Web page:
Send press releases to local media, from the paper to magazines to the alternative/underground paper to TV to radio. Make yourself available for on-air interviews. Some of the media employees, and some of its audience, will buy your book.
Teach one-evening-only classes for free at area colleges and high schools, sharing the basics which led you to publication. Some of those students will buy your book.
Give readings at local libraries, where nobody is expected to buy a thing. Some of the attendees will buy your book.
Find groups whose interest is a major aspect of your book. Offer to speak at their meeting for free about their interest as it relates to your book. Some of them will buy your book.
You can sell hundreds, maybe even thousands, more copies if you take advantage of every opportunity to market yourself. Many authors find this hard, as we’re often shy and reclusive, but if you can make yourself do it, your sales will increase.
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Get started in the world of acting?
I’m 14 and absolutely love acting. I want to be an actor but have no idea to get started. I’ve not got any experience in acting apart from primary school plays. I have received options for my GCSE and am thinking of picking this drama, history and then either media studies or business studies as a back up. Please could you give me agents numbers, acting classes anything and everything that could improve my chances of making it in the industry. ALL help is appreciated.
Suggestion by anunnaki
I’m not experienced in this, but I would agree that connections matter the most in this profession. So you gotta start making them now. Start with the drama coach at your school, or other local schools. Find an online forum related to theater and drama (for teens or aspiring actors). Find others who are successful at your age and collaborate… ask them if they have agents, etc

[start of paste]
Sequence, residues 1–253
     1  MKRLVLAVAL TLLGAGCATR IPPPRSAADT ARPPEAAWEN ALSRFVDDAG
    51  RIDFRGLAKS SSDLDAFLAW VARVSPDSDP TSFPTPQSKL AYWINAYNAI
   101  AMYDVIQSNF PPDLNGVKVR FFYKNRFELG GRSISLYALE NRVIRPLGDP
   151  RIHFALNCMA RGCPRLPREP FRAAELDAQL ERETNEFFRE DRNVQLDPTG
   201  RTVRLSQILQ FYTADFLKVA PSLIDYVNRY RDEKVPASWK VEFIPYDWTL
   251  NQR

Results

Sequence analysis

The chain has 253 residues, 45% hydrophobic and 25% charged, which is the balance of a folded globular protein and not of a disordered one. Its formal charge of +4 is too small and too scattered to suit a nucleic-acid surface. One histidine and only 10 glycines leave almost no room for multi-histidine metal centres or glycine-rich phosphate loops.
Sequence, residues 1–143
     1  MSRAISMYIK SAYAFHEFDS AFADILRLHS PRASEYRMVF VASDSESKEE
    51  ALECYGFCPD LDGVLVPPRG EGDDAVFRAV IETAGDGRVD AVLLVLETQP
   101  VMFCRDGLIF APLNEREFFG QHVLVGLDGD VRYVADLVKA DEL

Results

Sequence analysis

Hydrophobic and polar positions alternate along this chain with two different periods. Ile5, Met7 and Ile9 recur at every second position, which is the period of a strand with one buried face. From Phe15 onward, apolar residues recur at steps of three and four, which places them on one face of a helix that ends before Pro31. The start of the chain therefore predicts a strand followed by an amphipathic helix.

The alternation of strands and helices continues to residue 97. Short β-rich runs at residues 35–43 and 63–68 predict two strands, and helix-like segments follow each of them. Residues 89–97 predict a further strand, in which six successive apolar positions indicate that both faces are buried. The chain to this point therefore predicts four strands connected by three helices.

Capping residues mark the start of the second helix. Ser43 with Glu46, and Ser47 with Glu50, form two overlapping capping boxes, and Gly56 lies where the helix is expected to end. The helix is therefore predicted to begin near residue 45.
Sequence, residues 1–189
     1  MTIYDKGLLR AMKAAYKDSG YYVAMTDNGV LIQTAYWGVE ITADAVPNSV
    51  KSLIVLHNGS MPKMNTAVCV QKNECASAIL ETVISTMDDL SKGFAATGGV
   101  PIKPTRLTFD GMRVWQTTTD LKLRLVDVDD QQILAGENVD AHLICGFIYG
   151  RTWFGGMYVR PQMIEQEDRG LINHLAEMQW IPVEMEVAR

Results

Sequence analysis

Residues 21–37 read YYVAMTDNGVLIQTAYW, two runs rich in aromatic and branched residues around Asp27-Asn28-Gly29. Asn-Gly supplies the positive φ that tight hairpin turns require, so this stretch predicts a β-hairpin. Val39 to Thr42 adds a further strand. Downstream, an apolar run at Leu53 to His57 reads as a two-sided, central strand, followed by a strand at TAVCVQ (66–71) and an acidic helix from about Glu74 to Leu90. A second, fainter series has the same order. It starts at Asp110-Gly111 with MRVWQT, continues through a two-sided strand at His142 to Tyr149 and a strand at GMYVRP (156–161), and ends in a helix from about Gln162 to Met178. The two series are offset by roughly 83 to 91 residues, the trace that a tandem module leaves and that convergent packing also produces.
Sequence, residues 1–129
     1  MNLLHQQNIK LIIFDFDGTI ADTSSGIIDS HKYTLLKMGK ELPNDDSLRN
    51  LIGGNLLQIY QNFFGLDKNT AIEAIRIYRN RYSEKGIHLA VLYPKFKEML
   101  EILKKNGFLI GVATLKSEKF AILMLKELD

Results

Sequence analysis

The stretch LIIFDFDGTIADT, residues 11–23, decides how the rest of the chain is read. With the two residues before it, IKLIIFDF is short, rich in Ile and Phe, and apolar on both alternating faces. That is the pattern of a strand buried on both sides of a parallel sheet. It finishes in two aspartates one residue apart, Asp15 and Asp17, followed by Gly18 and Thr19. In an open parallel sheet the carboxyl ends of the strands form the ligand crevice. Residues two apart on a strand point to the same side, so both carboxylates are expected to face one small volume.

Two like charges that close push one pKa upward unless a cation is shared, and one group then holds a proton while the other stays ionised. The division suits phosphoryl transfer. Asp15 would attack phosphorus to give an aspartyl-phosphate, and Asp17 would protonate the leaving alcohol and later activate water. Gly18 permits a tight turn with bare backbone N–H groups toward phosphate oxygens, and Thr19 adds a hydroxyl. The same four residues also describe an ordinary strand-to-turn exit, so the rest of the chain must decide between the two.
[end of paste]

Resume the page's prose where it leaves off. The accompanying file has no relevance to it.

Suggestion by writing89
Since you are just getting started I suggest take it slow. You want to audition for plays at school and community theatre. So many people your age think if they can get an agent then they can land a spot on the Red Carpet- it doesn’t work that way. Start slow, get your feet wet and see if this is something you REALLY want to do. Remember there are a LOT of unemployed actors in the world, and only a few ever “make it big”
Suggestion by Lee C.
I agree take it slow. Don’t get ahead of yourself and start looking for an agent just yet. Sign up for your drama class and get to know the teacher he or she may have some audition materials and can help you further your career. Get involved in your school plays and community theater. Another great way to get involved is by being in student films at your local college. They almost always need actors to you should give them a buzz on when their next auditions are.
Look up acting classes in your phone book or even ask your community theater if they have any workshops coming up (they usually do in my area).
Loving acting isn’t enough to make it as a successful actor, you have to train and hone your skills and actually perform, whether in theater or film.
Best of luck